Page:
Process for Signature Verification
Election workers may receive training on how to match signatures if their state requires signature matching. It is a process of comparing the lines, curls, and jots that comprise an individual signature. Election workers look for common characteristics in the signature and the voter file, evaluating slant, size and proportion of letters, shape of letters, ending strokes, speed of writing, and pen lifts. Training for election workers can be very limited, and it often varies greatly state by state. This poses a potential issue of poll workers not being properly and uniformly equipped to objectively decide whether a signature belongs to the actual voter.
Another method of verifying a signature is by using software that is programmed to recognize signature characteristics and intended to replace in-person comparisons. However, some of the same concerns—reliability of comparison, differences in signatures over a person’s lifetime, and certain demographics disadvantaged by the programming (Wiggers, 2020)—arise when this method is used. The Election Assistance Commission has weighed in on such software programs by recommending only using automated signature verification software to identify near-perfect matches. It also urges using a sample to double check these results.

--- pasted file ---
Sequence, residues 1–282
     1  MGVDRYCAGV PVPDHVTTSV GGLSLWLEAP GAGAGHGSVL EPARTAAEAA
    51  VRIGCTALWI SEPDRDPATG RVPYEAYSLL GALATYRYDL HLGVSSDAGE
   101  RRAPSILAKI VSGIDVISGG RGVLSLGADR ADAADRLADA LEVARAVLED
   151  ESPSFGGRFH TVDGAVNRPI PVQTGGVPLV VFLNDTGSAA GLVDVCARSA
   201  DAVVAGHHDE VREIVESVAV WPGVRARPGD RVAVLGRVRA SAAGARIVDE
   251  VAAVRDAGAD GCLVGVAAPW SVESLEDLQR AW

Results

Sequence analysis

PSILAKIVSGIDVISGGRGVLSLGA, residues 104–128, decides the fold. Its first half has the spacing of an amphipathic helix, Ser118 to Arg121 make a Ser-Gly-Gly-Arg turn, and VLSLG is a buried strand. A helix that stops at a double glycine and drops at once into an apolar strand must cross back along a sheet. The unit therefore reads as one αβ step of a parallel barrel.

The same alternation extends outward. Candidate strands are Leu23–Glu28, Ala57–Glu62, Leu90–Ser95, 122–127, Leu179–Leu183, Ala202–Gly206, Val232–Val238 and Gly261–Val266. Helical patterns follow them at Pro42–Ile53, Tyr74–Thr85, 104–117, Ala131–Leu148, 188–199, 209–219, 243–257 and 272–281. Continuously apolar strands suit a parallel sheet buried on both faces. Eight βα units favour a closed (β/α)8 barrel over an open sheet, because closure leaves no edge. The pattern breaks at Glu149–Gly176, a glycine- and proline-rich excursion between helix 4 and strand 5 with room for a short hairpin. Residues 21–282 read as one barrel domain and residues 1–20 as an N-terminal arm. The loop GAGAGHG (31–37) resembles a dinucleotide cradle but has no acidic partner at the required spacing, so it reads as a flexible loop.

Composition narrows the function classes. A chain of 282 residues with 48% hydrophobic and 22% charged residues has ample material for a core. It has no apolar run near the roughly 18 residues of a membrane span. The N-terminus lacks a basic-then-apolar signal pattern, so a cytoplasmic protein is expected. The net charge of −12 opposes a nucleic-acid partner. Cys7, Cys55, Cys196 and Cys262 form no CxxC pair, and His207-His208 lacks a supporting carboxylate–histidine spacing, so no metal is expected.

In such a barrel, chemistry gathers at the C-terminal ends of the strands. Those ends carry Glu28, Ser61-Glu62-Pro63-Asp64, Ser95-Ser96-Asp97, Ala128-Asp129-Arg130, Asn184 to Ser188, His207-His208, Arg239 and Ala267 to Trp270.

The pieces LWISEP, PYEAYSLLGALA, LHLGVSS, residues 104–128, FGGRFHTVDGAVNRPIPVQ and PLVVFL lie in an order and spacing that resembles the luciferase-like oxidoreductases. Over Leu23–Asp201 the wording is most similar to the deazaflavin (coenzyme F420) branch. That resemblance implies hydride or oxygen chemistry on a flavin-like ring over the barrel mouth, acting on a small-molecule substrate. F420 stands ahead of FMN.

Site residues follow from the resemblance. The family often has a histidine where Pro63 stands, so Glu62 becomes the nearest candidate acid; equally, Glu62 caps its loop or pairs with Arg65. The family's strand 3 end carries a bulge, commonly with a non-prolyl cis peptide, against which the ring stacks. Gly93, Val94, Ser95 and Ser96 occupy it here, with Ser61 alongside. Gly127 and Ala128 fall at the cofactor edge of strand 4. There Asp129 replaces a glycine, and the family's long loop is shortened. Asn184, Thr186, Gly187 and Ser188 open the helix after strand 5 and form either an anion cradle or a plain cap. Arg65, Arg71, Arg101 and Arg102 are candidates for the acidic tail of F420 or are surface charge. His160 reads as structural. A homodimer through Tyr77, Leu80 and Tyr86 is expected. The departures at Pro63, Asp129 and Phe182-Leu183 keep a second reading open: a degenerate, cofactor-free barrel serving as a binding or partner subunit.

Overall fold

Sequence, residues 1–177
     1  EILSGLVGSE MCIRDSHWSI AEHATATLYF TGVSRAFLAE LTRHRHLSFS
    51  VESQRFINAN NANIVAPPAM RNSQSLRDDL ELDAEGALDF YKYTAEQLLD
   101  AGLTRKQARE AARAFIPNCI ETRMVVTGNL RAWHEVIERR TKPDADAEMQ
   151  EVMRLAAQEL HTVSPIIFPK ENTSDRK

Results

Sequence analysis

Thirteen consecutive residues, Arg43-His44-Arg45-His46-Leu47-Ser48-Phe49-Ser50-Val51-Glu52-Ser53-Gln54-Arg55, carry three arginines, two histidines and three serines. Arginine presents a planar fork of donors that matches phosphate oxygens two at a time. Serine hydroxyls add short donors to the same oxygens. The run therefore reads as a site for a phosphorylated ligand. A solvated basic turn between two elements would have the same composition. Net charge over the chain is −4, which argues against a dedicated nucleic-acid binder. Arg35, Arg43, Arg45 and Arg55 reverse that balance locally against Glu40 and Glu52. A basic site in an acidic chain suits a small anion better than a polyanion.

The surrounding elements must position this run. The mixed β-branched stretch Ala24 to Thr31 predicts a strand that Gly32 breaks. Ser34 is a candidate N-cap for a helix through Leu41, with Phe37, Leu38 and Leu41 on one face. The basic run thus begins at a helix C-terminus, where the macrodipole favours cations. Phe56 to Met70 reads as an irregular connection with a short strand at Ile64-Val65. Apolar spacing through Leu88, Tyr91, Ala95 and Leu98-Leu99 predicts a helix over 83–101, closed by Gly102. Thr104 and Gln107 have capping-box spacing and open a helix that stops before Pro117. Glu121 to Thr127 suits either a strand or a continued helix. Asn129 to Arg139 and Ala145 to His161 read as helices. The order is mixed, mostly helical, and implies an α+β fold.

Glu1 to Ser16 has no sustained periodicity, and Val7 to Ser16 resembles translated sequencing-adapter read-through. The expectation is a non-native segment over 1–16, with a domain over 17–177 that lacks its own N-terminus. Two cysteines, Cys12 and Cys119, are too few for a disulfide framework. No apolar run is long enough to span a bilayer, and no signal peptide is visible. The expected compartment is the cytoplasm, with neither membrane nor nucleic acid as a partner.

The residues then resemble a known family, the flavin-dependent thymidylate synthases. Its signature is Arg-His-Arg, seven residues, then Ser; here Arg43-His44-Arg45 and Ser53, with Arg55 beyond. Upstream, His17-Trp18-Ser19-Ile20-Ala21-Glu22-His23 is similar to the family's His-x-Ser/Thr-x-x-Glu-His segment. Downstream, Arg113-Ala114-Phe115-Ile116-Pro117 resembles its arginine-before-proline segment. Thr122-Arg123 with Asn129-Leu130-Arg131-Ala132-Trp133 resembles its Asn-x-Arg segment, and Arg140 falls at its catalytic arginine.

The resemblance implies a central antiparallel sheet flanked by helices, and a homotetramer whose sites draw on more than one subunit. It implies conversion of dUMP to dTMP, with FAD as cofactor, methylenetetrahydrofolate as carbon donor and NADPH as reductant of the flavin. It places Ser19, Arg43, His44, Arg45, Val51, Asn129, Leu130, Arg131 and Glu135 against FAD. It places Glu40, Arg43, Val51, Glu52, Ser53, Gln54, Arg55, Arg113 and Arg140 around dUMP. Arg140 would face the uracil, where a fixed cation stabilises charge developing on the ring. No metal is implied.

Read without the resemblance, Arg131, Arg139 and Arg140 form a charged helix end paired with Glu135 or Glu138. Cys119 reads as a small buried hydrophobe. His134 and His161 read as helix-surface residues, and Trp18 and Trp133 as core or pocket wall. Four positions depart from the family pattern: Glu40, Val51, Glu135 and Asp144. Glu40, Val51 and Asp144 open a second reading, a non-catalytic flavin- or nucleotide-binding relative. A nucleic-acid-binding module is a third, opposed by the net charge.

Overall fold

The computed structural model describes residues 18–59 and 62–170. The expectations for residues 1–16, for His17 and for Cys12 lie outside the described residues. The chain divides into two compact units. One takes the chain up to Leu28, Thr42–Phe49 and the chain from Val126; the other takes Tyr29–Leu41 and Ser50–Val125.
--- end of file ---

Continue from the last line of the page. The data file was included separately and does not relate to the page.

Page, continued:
Issues with Signature Verification
The political Left and the political Right have identified problems with signature verification, but they focus on different aspects of why signature verification could create issues. The Left emphasizes that signature verification can disenfranchise voters by resulting in improper discarding of ballots. Meanwhile, the Right points out that signature matching opens the door for fraud because it is simple to forge a signature and because signature verification is a subjective process.
It is true that valid ballots have been improperly discarded due to signature verification complications. Aseem Mulji, a legal fellow at the Campaign Legal Center, notes that “[s]ignature evaluation is notoriously unreliable and error prone. It can result in ballot rejections based on nothing more than poor penmanship” (Mulji, 2020). The claim is that signatures change over time, and that groups such as young people, disabled people, and the economically disadvantaged are less likely to maintain a consistent signature (O’Connor, 2018). On this basis, multiple lawsuits have been filed in multiple states that require signature verification.
However, as the Right points out, accepting ballots with signature mismatch problems, or even allowing signature verification to be the only identifying factor on a ballot, opens the door for fraud. The same judge who ruled that there must be a 12-day ballot cure period in the Florida 2018 Senate election rejected the request to count all ballots even if there was a signature mismatch.